Moving quickly, the sisters met Georgetown rescue volunteer Butler and Lost Pet Rescue co-founder Melissa Davis at the water tower later that day. They searched the area. They searched in and around abandoned cars and found nothing.
“There were a lot of places for her to take refuge there,” Izzy said.
But they trusted the lead and decided to leave out some water and more mature laundry with home scents. And they left behind a remote camera that would be replaced a day later by a different camera whose live feed can be connected to any smartphone or device.
The new camera, installed on July 15, could detect movement and alert users immediately. But throughout the day, he did not collect anything.
With no news since the July 14 notice, Izzy had a feeling. He opened the app on his phone and checked the live stream on a whim around 11 pm He saw something skinny and hairy. She thought she caught a glimpse of Luna’s tail.
Inspired, Izzy returned to the junkyard, armed with a collar, a leash, and a squeaky toy, along with her sister and her new comrade, Butler.
Suppressing her excitement, Izzy didn’t run to Ella. Instead, she walked in the opposite direction with Zeus at her side. She sat on the ground a short distance away and played with Zeus. She gave Zeus jerky, attention, and affection in an attempt to woo Luna on her own terms.
The plan worked. Luna finally approached her own time to see what Zeus and Izzy were up to. A quick click of the leash later and Luna was back to her master. That night, Izzy said that Luna never left her side, and the two of them spent the entire night together on the couch.
After a visit to the vet’s office, Luna emerged from her misadventure with a broken toe, some fleas, and a tick in her ear.
Since then, he has been drinking water, eating small portions of food, and resting while he regains his health. Luna lost more than a third of her body weight, dropping from 57 pounds to just over 39 pounds over the course of her two-week escapade, Natalie said.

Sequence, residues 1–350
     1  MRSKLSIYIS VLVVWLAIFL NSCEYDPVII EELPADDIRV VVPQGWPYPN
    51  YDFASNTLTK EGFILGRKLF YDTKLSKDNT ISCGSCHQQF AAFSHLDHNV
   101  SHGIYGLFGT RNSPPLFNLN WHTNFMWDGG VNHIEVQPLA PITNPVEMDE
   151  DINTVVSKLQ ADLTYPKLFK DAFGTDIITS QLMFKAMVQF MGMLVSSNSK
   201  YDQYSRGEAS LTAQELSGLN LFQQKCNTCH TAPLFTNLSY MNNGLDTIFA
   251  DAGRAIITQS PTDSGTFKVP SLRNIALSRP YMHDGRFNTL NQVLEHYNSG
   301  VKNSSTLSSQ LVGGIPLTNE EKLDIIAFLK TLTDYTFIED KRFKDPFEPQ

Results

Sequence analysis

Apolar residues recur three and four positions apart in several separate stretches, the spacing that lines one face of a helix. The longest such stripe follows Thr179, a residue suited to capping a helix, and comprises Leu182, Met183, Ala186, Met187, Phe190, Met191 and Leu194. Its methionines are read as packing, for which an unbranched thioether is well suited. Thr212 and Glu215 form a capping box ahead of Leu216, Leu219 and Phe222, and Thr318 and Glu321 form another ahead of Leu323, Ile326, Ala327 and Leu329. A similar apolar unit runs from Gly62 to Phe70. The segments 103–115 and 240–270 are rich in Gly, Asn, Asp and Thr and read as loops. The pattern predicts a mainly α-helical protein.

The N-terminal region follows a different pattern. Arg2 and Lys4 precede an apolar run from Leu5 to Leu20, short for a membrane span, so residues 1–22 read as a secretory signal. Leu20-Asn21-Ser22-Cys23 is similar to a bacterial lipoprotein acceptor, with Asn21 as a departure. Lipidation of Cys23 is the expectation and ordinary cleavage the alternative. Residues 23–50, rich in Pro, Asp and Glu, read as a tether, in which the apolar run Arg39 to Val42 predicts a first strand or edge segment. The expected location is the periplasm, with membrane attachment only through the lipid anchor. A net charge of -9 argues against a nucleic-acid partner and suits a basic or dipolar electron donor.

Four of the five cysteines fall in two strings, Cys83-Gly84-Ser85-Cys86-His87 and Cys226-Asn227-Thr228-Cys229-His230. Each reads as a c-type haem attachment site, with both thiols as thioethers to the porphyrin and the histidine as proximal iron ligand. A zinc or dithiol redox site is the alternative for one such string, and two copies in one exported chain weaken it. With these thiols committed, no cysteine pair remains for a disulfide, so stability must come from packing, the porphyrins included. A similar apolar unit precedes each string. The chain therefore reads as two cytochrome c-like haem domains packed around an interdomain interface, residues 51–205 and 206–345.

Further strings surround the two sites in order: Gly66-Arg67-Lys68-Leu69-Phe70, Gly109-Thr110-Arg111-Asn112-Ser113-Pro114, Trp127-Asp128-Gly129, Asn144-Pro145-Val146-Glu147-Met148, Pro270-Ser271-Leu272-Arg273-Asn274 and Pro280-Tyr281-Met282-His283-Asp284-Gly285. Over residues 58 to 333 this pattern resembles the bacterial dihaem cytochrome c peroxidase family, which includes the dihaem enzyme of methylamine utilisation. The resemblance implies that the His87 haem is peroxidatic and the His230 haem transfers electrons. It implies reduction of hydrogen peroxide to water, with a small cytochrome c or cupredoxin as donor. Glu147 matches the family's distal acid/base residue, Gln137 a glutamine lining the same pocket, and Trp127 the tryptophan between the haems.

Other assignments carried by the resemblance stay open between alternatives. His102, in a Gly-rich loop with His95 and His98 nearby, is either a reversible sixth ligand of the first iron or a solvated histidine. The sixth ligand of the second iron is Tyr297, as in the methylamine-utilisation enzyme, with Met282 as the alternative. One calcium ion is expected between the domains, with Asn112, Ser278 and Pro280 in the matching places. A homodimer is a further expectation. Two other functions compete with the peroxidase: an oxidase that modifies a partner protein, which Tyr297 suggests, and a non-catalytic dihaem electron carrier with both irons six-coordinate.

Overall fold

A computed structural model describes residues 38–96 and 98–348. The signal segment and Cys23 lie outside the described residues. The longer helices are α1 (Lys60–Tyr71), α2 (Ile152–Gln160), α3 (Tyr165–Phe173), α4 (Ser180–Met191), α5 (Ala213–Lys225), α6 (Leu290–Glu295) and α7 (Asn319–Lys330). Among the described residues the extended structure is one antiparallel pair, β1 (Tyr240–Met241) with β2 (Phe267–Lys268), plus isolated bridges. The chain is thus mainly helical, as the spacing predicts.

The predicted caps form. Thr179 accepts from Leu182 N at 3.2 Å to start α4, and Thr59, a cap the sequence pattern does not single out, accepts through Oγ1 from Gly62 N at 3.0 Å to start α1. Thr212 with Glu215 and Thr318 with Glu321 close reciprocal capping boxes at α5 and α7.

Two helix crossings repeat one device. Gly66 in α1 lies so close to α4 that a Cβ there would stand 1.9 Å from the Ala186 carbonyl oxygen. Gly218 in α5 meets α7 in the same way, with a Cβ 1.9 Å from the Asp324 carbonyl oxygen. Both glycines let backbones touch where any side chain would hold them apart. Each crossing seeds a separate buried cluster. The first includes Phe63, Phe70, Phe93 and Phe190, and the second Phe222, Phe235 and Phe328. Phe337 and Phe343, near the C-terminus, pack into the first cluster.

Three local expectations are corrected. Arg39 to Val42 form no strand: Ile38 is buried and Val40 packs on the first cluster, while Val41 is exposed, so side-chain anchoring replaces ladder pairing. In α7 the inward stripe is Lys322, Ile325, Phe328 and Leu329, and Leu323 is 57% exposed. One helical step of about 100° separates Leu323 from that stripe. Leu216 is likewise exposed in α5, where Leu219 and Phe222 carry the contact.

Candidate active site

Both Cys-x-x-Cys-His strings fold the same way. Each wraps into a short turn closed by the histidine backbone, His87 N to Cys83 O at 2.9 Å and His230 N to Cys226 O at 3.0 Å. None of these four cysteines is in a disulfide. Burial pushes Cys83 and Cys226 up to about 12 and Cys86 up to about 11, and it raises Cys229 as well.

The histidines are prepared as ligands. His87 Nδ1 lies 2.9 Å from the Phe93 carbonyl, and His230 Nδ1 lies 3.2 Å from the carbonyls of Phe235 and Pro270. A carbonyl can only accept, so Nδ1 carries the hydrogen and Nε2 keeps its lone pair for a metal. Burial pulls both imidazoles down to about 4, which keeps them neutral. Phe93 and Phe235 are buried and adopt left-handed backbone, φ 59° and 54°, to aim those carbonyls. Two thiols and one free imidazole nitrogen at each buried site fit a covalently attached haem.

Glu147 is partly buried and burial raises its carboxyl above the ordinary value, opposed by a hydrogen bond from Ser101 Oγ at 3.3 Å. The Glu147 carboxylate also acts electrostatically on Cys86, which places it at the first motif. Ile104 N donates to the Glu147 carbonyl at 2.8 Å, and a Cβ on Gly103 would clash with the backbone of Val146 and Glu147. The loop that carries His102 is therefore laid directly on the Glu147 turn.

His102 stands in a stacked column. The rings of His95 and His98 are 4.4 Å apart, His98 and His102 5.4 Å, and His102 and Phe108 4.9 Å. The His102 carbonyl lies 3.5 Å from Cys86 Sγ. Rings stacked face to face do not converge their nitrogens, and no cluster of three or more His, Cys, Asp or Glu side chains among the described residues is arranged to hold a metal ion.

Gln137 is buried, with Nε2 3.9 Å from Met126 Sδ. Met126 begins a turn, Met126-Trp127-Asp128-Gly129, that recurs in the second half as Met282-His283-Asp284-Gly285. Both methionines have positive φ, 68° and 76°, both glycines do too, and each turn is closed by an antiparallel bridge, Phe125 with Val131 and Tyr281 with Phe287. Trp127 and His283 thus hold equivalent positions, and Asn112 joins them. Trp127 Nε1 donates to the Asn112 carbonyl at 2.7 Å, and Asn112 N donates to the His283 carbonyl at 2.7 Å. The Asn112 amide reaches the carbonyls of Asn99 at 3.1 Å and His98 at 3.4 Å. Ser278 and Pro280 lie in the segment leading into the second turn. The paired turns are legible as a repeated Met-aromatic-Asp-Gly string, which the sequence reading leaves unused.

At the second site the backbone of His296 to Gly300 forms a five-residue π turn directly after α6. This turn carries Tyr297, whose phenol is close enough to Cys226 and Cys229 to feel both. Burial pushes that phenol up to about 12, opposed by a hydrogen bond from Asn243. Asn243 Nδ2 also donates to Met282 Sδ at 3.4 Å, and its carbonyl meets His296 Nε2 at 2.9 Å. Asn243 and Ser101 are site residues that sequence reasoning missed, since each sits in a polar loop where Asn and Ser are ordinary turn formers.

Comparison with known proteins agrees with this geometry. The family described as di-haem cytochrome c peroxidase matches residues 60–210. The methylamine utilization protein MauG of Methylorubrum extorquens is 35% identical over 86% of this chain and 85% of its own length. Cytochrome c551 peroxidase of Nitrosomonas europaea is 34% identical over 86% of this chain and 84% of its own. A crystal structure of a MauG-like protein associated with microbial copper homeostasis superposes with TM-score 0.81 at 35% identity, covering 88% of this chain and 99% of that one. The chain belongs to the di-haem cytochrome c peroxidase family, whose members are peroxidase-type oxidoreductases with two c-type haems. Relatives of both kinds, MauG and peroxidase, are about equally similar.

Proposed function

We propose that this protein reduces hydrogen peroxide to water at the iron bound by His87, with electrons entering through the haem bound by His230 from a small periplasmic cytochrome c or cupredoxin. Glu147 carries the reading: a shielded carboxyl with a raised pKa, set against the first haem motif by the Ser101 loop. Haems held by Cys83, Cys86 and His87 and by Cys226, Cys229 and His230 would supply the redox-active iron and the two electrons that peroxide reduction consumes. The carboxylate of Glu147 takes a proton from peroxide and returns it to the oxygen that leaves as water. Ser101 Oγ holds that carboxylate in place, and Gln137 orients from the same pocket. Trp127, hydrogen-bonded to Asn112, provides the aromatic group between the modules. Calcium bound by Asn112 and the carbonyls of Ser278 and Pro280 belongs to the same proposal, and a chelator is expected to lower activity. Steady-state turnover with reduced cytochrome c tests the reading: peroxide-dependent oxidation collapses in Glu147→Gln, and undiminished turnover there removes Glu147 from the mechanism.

“Most pets make a full recovery,” Davis said. Izzy said Luna’s health has been steadily improving.
The rescue group reports that it is close to the perfect record
Summit Lost Pet Rescue has returned 376 pets to their owners since January 2020, the group recently reported. It operates as its role model, the human-focused Summit County Rescue Group, conducting missions with volunteer mission coordinators, said the group’s co-founder, Brandon Ciullo.
Ciullo is also a volunteer with the Summit County Rescue Group and used his experience as a human rescuer to guide the creation of the Summit Lost Pet Rescue.
The group organizes and conducts “missions” as the Summit County Rescue Group, with mission coordinators. Volunteers and teams are organized by city and can be sent at any time.
“Even (if) it’s three in the morning, we’ll send as many people as we can after we get a sighting,” Davis said.
Davis shared the results of the group’s mission to date. As of July 22, the group has carried out 121 “rescue missions” with a success rate of 93% as of July 22. Only nine pets remain to be found, Davis said.
Of the 22 lost indoor cats from 2022, 21 have been found and only one, a current mission, is still on the loose as of July 22.
Of the 15 indoor and outdoor cats lost in 2022, only seven have been found and eight are still missing as of July 22. Indoor and outdoor cats’ tendency to roam makes them hard to find, Davis said. The eight missing cats are still part of active quests.
All dog-related quests ended with the search for the pet in 2022. Some dog quests involved more than one dog, Davis said. In total, 89 dogs have been found in the 84 missions in 2022.
Davis noted that not all successful “finds” are happy endings. Three pets were found dead in 2022, she said.
If anyone wants to learn more or report a lost pet, Davis encourages people to check out the group’s website at LostPetRescue.org.